Nearly 14 months since his previous start, which ended with his getting hit in the back of the head with a line drive, Chris Jakubauskas received an uplifting win and one more reminder of how far he has come since that horrific incident.
One out shy of completing five scoreless innings Tuesday night, Jakubauskas was nailed above his left ankle by Cliff Pennington's comebacker. This time, he stayed on the mound and recorded one more out before turning over the game to the Orioles' bullpen.
The Orioles got three solo home runs and four scoreless innings from their relief corps to back Jakubauskas and take a 4-0 victory over the Oakland Athletics in front of an announced 13,652 at Camden Yards. It was the eighth straight loss for the A's (27-35).
"I knew what it was -- spot start, go out, try and get five or six innings, save the 'pen so we don't have to use [Alfredo] Simon or anyone else for too long," said Jakubauskas (1-0), who had made five relief appearances for the Orioles before Tuesday night's start, allowing nine earned runs on 18 hits and six walks over 12 2/3 innings.
"Luckily, it went that way. It definitely felt good to get back out, start a game and let it be mine from minute one, but like I said before, it's whatever they want me to do. I was happy to take the ball."
With the five scoreless innings, Jakubauskas, whose 2010 season ended April 24 when he was hit by Lance Berkman's liner while he was starting for the Pittsburgh Pirates, earned his first win since he pitched two scoreless innings in relief in the Seattle Mariners' victory over the Chicago White Sox on Aug. 12, 2009.
The Orioles (28-31) also clinched their first series victory against Oakland since July 20-22, 2007, ending a streak of eight consecutive losing series against the A's. They will go for the series sweep tonight behind rookie left-hander Zach Britton, who was roughed up by Oakland a little more than a week ago.
"We had some hairy guys hit the ball in the seats, and we pitched well," Orioles manager Buck Showalter said. "That's the combination from years gone by here."
J.J. Hardy, hitting leadoff for the first time in his career, launched Guillermo Moscoso's second pitch of the game into the left-field seats for his fifth home run of the year. It was the Orioles' first leadoff homer since Brian Roberts accomplished the feat Sept 13.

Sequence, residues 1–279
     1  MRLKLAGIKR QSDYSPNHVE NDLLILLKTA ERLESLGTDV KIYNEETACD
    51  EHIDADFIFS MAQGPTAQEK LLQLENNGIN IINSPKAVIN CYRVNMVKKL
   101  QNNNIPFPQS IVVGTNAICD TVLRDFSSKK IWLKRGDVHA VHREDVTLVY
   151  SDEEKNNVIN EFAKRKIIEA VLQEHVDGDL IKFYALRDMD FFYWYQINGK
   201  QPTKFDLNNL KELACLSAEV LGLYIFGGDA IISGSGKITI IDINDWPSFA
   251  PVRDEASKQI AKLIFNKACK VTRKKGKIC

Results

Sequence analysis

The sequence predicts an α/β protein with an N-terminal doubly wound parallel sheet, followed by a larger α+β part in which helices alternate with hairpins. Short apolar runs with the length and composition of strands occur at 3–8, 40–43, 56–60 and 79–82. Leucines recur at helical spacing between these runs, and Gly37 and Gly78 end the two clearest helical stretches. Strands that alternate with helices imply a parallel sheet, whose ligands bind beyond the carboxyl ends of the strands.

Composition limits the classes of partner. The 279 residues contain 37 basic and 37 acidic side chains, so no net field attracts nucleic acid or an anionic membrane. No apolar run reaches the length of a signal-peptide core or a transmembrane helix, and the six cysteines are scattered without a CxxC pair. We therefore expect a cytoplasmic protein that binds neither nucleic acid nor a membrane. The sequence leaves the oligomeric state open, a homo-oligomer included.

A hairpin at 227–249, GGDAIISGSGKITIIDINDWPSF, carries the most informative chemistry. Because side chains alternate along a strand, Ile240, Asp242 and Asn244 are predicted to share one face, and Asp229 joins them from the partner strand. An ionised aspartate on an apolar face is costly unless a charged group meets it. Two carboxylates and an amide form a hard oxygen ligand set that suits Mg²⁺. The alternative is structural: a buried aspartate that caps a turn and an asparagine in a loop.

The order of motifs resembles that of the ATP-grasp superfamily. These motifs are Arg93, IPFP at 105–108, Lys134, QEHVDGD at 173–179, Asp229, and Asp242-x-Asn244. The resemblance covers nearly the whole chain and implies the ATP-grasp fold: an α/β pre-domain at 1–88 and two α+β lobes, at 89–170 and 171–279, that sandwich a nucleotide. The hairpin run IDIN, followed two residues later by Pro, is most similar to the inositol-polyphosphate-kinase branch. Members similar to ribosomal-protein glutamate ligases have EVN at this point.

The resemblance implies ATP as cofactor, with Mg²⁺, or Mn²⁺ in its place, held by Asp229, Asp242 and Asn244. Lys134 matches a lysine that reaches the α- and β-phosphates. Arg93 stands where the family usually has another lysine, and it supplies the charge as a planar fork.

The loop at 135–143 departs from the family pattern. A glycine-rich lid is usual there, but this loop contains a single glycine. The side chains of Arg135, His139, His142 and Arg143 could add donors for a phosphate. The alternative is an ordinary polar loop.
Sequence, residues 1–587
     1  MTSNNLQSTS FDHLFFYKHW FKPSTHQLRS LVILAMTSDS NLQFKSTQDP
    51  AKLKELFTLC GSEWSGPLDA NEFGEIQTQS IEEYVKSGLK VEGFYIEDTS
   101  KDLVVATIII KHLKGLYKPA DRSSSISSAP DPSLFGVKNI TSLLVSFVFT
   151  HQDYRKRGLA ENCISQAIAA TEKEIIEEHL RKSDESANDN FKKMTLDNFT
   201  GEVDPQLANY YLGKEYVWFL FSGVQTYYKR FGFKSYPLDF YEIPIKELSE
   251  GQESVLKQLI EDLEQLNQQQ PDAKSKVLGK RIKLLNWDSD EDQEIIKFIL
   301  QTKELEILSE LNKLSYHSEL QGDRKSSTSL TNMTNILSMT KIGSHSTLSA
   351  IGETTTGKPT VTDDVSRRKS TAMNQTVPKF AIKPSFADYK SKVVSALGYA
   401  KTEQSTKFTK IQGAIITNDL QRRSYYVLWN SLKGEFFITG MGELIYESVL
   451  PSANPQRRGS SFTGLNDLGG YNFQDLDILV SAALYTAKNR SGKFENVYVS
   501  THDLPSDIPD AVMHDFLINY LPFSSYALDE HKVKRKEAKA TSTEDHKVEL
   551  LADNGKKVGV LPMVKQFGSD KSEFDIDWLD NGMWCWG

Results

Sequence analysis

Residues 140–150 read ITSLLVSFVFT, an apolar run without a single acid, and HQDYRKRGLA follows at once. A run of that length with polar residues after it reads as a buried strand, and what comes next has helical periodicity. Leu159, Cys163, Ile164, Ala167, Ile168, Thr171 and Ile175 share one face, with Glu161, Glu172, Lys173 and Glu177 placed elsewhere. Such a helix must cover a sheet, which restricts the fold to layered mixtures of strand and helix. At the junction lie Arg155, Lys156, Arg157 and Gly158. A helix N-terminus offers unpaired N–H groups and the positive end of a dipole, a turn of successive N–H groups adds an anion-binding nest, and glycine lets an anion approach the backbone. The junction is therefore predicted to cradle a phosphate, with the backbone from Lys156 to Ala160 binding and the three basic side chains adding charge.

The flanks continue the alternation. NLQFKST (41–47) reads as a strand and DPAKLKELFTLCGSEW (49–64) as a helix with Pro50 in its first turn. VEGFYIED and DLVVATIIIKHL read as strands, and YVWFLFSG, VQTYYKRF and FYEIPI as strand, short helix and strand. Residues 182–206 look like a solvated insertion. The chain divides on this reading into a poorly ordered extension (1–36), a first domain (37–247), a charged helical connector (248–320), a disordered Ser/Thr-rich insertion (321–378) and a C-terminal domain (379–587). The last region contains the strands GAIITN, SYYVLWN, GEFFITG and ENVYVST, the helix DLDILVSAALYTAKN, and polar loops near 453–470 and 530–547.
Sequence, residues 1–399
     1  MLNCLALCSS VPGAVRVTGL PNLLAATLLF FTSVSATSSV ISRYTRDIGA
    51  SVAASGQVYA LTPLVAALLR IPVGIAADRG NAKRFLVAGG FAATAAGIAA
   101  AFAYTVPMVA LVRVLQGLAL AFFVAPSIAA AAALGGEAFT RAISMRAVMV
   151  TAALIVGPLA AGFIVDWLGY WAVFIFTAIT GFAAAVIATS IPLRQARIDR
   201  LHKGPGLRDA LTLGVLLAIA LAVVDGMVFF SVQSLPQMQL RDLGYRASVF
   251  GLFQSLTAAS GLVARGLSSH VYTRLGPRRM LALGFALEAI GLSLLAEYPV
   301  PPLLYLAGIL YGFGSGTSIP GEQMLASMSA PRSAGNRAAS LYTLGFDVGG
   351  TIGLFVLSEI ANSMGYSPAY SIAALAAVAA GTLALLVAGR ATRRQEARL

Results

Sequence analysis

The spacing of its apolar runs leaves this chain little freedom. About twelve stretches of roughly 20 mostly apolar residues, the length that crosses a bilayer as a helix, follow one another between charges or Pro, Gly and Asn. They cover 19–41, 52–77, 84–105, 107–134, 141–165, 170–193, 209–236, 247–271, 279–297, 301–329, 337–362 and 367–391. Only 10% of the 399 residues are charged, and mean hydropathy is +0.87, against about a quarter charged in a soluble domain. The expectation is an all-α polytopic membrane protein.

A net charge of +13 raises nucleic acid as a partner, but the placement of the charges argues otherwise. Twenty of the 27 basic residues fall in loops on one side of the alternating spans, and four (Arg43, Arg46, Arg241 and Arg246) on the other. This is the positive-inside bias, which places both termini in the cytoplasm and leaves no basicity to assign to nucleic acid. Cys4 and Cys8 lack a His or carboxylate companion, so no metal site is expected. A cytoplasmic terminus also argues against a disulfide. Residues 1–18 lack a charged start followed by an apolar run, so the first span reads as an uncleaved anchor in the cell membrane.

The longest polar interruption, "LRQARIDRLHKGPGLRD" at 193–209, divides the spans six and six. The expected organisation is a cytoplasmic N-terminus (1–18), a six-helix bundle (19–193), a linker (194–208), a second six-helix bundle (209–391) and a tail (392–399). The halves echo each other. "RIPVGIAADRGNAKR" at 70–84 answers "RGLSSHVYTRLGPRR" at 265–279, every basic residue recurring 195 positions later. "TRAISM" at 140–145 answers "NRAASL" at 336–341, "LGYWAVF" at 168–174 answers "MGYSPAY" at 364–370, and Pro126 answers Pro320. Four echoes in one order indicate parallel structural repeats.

"I feel like I am capable of driving the ball," said Hardy, who has homered in three of his past six games. "There were times last year that I felt like even if I did put a good swing on it, I couldn't hit a homer. Whenever you do that, you get confidence. And I feel pretty good out there."
Luke Scott, who was playing for the first time since getting a cortisone shot in his ailing right shoulder Sunday, drove Moscoso's second pitch of the fifth inning onto Eutaw Street for his seventh homer of the season and first since May 3. It was his sixth career Eutaw Street home run, passing Rafael Palmeiro for the all-time lead. Scott added a well-struck double in the seventh before giving way to pinch-runner Felix Pie, who scored on Mark Reynolds' RBI double.
"Playing through pain and playing through discomfort, it was tough," Scott said. "Today, I think the medicine really kicked in. It's the first time in six weeks I could [extend my right arm]. For me, that's a great victory and a blessing. I'm happy the way I'm feeling now with the shoulder."
Adam Jones greeted reliever Michael Wuertz with a solo shot in the sixth inning, his eighth of the season. But the story was the pitching staff, which allowed just five hits and one walk while turning in its fourth shutout of the season.
Jakubauskas surrendered just three hits and walked one while striking out five. Clay Rapada retired the only two hitters he faced in his first appearance since May 28, Jeremy Accardo turned in 2 1/2 key innings, and Koji Uehara pitched a perfect ninth.
The Orioles have been going with a four-man rotation because the five days off they have this month necessitate the use of a fifth starter only twice in June. Showalter and pitching coach Mark Connor's decision to give the ball to Jakubauskas -- as opposed to starting Simon or summoning Chris Tillman or Brad Bergesen back to the big leagues -- was an interesting one because the 32-year-old right-hander had a 6.39 ERA and is in his third stint with the Orioles this season.
However, it worked out as Jakubauskas was really in trouble only in the fourth, when he retired Kurt Suzuki with two men on to end the inning. He got two quick outs in the fifth before Pennington ripped the liner off his leg.
"As long as it's not in the head, it is what it is," Jakubauskas said. "If it's my time to get hit again, it's my time to get hit. There were some choice words that went through my mind after it happened, but I try to keep those as quiet as I could. It was more of just: 'I can't believe this. Really? Again I got hit?' "
Jakubauskas, who had been hit so hard by Berkman's liner that the ball ricocheted off his right ear and landed behind the catcher, hobbled around the mound Tuesday as head athletic trainer Richie Bancells, Showalter and Connor emerged from the dugout. He threw a few warm-up tosses before staying in the game. He needed just one pitch to retire rookie Jemile Weeks and qualify for a win that was a long time coming.
"Jak's got a great personality," said Showalter, who also said the Orioles would consider giving Jakubauskas another start. "That's why people are kind of drawn to him. When something like that is close to being taken away from you completely, you can get a little better grip on reality."